As I’ve said again and again and again on this site, the key to protecting the status quo in NI was the fear that Southerners had of the ‘Crazy North’ every time they turned on their TV and saw car bombs exploding and reports of riots, street wars and people getting ambushed and stabbed or kicked to death on their way home from their local after a quiet pint for absolutely no reason whatsoever.

    This was the trap that militant republicanism fell for. Their escalation of violent action during the troubles created a war-like scenario that the peaceful South copmpletely recoiled from. That fear and revulsion that many in the South felt at what was happening up North meant that the kind of cross-border traffic which would have materialised much more naturally & organically never happened. It set the whole process of natural integration back 50 years or more and cemented division and partition through bitterness and murderous hatred. It (hopefully) can & will finally begin now.

    Does this mean that in 15-20 years we’ll see a snap Border poll called and everyone will be magically transported to some kind of a UI paradise where everyone will skip along merrily hand in hand, and live happily ever after? I doubt it.

    However, the smart money now seems to be talking about a slow, gradual ‘re-integration’ process, starting with cross border co-operation and further economic cross-pollination (a la the type of messing we’re seeing with Aer Lingus/Shannon/Belfast at the moment) in the short to medium term and, possibly, re-unification at some stage in the fairly distant future. But hopefully the next couple of generations will manage to free themselves from the stains of their sick, grotesque upbringings and environment and create a society for real human beings.

  • Reader

    Cahal: 1. If there is a UI tomorrow, will you stop being British because you no longer get to ‘send MPs to Westminster’?
    2. Does that make da nort 60% British because the SF MPs dont go to Westminster?
    3. Are people from the Isle of Man & Channel Islands & Falklands not British? (Dear god how the mighty empire has fallen).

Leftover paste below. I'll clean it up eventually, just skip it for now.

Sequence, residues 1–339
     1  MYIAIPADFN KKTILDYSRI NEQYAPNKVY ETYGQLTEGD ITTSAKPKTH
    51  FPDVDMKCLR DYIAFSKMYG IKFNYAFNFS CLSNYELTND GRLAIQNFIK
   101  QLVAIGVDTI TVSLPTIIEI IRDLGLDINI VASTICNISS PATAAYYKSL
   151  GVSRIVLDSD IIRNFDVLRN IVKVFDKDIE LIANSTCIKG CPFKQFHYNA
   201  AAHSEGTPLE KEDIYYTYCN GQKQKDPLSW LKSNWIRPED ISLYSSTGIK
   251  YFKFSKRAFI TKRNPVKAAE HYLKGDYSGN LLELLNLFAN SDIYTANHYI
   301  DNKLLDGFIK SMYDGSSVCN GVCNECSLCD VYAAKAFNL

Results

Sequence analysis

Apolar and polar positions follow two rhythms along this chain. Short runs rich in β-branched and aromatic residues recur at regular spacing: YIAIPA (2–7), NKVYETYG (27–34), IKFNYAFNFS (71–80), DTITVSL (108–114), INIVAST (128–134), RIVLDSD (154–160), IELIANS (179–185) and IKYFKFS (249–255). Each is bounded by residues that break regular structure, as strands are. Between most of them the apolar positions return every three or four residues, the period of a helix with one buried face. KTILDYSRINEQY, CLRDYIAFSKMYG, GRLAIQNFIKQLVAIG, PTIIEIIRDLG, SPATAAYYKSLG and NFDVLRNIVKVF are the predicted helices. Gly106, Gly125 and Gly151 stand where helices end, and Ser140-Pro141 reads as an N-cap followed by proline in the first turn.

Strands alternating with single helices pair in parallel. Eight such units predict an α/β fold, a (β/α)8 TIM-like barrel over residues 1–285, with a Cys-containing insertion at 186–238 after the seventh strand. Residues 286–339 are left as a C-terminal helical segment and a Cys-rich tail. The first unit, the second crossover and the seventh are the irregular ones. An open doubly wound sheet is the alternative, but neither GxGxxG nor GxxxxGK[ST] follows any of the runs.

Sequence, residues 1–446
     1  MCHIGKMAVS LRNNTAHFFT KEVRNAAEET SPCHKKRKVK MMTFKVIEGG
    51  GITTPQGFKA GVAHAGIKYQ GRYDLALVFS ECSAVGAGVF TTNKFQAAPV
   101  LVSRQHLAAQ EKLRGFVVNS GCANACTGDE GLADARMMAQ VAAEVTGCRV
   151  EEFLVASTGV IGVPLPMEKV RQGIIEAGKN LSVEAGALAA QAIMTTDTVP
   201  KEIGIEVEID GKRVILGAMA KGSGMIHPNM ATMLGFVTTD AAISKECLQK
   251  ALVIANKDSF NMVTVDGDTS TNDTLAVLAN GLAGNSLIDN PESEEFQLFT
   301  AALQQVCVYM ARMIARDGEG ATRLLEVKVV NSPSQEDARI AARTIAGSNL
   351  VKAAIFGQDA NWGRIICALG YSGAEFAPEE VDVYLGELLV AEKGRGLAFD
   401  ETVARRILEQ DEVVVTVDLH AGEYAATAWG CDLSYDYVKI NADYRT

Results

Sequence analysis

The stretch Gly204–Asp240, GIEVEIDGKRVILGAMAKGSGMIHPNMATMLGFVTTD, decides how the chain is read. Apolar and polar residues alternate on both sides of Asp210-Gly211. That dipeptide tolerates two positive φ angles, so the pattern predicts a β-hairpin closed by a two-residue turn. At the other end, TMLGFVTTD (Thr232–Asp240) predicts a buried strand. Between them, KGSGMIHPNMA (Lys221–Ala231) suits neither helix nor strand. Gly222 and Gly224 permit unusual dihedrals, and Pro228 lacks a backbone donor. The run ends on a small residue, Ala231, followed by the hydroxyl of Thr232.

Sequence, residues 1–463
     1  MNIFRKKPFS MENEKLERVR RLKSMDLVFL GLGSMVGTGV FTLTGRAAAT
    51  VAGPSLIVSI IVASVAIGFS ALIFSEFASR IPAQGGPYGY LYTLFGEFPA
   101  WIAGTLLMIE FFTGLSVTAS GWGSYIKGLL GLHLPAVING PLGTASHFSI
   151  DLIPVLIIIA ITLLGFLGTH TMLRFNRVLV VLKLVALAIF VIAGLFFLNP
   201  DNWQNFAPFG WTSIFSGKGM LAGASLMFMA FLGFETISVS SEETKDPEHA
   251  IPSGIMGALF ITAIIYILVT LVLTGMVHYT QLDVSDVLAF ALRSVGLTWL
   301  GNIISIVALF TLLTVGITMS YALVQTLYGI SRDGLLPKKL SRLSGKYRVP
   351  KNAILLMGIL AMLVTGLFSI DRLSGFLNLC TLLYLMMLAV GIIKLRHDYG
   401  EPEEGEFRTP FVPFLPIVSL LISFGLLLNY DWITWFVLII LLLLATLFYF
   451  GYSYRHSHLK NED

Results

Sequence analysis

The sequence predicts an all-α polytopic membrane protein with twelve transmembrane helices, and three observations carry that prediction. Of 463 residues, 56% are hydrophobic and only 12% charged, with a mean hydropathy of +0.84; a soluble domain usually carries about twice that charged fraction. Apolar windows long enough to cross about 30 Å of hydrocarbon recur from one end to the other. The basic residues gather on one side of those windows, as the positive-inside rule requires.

1) Lib2106 was talking in the present tense. And Hong Kong was never part of the UK, unlike Northern Ireland.
    2) Since lib2016 was talking about the ‘Ulster British’, I assumed he had left yousns out anyway.
    3) Goodness knows. I am sure there are blogs that address their identities too. I do know that the UK consists of England, Northern Ireland, Scotland and Wales. And the last three have devolved Parliaments/Assemblies.

  • Wang Corr,

    Well said, I think you are right, creeping integration is what’s happening. The border will have disappeared in peoples minds long before it disappears on the map.

    GLC,

    “they’re more than happy with the status quo.”

    I would disagree here, we recognise that it’s the best solution in the current climate. It’s certainly better than people blowing the shit out of each other with bombs, and beating each other to death.

    We may be tolerant of the status quo, but “more than happy”? I don’t think so.

  • Dewi

    The balance at the 2001 census was 157,985 more from Ptotestant tradition than Catholic. Ceteris paribus the net death / birth ratio reduces this majority by around 6,000 a Year.

    The difficulty with extrapolating this forward of course is population movements in and out. Very little net movement to Republic or Britain currently (indeed a small in migration from Britain last year) but no one knows what this disguises in terms of community balance.

    What is clear however is the scale of in-migration from Eastern Europe, currently 10,000 a year, and has been for 2 years. Some indications from UK figures that the movement is slowing, but at say 5000 a year till 2011 then that’s an influx of 40-50 thousand people = 2% of the population. Overwhelmingly Catholic by background this implies a significant input to the religious balalnce. No idea of effect on political balance however.